|Region or state||Spain|
|Serving temperature||Hot or cold|
|Main ingredients||Meat, cheese, corn, or other ingredients|
An empanada is a type of baked or fried turnover consisting of pastry and filling, common in Latin American and Filipino cultures. The name comes from the Spanish verb empanar, and literally translates as "enbreaded", that is, wrapped or coated in bread. They are made by folding dough over a filling, which may consist of meat, cheese, corn, or other ingredients, and then cooking the resulting turnover, either by baking or frying.
Empanadas trace back their origins to the northwest region of Spain, Galicia. A cookbook published in Catalan in 1520, Llibre del Coch by Robert de Nola, mentions empanadas filled with seafood in the recipes for Catalan, Italian, French, and Arabian food.
Argentine empanadas are often served during parties and festivals as a starter or main course. Shops specialize in freshly made empanadas, with many flavors and fillings.
In Belize, empanadas are known as panades. They are made with masa (corn dough) and typically stuffed with fish, chicken, or beans. They are usually deep fried and served with a cabbage or salsa topping. Panades are frequently sold as street food.
Cape Verde cuisine features the pastel, as well. Cape Verdean pastéis are often filled with spicy tuna fish. One particular variety, the pastel com o diabo dentro (literally: Pastel with the devil within), is particularly spicy, and is made with a dough made from sweet potatoes and cornmeal.
Filipino empanadas usually contain ground beef, pork or chicken, potatoes, chopped onions, and raisins (somewhat similar to the Cuban picadillo) in a somewhat sweet, wheat flour bread. There are two kinds available: the baked sort and the flaky fried type. To lower costs, potatoes are often added as an extender, while another filling is kutsay, or garlic chives (kutsay in Cebuano and Tagalog; 韭菜 kú-chhài in Lan-nang).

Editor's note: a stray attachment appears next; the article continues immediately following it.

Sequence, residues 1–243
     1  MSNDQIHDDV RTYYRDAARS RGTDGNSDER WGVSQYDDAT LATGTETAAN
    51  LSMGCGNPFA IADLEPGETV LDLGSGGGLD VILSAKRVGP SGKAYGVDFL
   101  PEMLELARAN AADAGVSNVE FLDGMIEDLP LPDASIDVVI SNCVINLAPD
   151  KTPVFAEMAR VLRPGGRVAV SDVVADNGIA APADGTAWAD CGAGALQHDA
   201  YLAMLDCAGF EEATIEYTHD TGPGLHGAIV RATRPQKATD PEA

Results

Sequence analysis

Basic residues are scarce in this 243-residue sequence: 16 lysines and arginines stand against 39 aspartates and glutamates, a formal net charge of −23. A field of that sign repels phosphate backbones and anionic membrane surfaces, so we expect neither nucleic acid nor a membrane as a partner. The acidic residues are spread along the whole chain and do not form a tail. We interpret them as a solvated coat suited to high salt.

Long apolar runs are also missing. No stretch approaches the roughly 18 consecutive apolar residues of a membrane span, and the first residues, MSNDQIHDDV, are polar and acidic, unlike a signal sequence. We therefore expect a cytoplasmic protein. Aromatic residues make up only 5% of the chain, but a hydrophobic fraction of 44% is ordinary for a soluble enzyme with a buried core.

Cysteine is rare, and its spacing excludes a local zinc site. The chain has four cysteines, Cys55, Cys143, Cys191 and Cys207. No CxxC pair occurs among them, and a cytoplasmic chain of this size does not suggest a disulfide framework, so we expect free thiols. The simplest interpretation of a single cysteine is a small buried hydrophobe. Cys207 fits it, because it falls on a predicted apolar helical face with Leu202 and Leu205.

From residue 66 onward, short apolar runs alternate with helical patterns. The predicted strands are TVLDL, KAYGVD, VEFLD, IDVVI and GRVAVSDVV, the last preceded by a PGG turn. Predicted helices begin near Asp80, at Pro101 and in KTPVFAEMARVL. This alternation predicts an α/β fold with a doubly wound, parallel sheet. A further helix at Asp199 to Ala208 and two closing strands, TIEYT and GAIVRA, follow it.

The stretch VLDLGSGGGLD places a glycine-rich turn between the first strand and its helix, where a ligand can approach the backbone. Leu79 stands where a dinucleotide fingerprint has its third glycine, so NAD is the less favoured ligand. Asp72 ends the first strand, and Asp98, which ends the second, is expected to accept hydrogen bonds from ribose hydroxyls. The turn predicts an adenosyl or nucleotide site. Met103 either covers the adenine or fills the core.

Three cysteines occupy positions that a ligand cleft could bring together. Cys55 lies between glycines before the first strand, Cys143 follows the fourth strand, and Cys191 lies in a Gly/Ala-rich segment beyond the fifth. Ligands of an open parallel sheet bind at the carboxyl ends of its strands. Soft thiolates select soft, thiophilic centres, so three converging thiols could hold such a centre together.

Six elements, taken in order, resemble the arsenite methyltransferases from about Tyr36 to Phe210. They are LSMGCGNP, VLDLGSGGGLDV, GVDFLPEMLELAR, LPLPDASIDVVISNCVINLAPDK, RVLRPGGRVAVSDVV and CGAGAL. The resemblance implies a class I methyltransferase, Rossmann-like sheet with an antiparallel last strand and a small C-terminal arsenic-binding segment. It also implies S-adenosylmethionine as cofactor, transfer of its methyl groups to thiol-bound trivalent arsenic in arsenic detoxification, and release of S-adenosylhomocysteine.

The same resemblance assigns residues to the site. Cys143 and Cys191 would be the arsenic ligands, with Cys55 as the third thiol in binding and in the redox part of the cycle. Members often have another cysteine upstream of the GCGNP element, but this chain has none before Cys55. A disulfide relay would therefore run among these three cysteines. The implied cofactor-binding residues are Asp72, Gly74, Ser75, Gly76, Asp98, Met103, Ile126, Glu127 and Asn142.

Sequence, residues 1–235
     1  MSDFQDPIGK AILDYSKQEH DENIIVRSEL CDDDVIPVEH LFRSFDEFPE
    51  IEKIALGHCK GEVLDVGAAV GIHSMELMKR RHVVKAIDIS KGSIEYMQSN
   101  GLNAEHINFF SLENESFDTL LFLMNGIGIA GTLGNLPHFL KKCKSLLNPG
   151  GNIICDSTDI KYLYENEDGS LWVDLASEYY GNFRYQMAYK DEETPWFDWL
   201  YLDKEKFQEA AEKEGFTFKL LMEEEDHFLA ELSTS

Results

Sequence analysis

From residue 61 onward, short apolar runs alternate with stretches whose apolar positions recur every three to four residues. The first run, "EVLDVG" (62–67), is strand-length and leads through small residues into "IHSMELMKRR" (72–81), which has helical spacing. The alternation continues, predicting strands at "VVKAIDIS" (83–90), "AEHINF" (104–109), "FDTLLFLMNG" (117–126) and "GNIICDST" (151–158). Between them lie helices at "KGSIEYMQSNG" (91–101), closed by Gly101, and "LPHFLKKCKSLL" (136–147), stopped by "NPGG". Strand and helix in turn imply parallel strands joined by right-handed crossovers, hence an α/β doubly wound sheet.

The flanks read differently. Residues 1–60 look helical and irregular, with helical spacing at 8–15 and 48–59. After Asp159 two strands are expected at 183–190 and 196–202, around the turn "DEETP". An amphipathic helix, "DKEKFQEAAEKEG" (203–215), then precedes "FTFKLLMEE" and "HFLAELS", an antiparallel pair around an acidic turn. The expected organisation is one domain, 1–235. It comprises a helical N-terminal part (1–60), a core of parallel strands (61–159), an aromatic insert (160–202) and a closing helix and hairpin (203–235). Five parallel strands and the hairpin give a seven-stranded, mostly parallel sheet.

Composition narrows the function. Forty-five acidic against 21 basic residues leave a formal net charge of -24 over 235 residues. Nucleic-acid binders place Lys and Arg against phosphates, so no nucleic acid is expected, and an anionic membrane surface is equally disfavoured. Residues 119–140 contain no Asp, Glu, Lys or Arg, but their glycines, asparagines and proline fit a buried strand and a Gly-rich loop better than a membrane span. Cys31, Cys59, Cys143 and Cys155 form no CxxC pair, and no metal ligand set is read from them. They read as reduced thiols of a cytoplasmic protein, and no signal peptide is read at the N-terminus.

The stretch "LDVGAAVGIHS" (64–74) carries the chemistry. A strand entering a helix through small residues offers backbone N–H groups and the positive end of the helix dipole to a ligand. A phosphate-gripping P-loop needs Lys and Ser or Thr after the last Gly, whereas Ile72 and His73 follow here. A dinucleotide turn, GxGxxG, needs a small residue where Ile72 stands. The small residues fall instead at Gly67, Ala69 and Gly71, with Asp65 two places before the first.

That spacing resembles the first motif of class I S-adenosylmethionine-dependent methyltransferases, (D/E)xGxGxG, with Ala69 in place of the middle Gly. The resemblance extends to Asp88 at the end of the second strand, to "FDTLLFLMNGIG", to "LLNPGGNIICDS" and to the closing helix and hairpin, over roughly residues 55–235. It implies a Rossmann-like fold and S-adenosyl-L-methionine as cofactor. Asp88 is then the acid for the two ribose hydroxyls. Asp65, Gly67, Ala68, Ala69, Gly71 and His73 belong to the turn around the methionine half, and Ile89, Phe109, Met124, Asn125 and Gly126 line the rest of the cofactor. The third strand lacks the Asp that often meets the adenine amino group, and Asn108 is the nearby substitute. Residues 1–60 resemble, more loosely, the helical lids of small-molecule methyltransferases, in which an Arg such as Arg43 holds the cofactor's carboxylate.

Empanadas in the northern part of the Ilocos are different. These usually have savoury fillings of green papaya, mung beans, and sometimes chopped Ilocano sausage (chorizo) or longaniza and egg yolk. There have also been people who make empanada filled with mashed eggplant and cabbage, which they call poqui poqui.
The 'Mpanatigghi are stuffed, consisting of halfmoon-shaped panzarotti filled with a mixture of almonds, walnuts, chocolate, sugar, cinnamon, cloves and minced beef. These are typical of Modica, in the province of Ragusa, Sicily. They are also known as impanatiglie or dolce di carne (pasty of meat).
They were probably introduced by the Spaniards during their rule in Sicily which took place in the sixteenth century; this is suggested from the etymology of the name which comes from the Spanish "empanadas or empanadillas" (empanada), as well as from the somewhat unusual combination of meat and chocolate, which occurs several times in the Spanish cuisine. In past centuries for the preparation of 'mpanatigghi game meat was used but today beef is used.
Empanadas, mainly based on South American recipes, are widely available in New York City, New Jersey, and Miami from food carts, food trucks, and restaurants. Empanadas are usually found in U.S. areas with a large Hispanic population, like San Antonio and Los Angeles.
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